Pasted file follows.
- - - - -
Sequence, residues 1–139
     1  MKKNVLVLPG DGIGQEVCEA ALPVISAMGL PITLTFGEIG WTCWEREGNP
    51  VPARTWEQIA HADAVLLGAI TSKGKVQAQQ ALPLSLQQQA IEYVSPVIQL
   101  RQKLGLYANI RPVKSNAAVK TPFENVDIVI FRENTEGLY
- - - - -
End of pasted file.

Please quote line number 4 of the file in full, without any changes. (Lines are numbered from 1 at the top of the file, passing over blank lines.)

   101  RQKLGLYANI RPVKSNAAVK TPFENVDIVI FRENTEGLY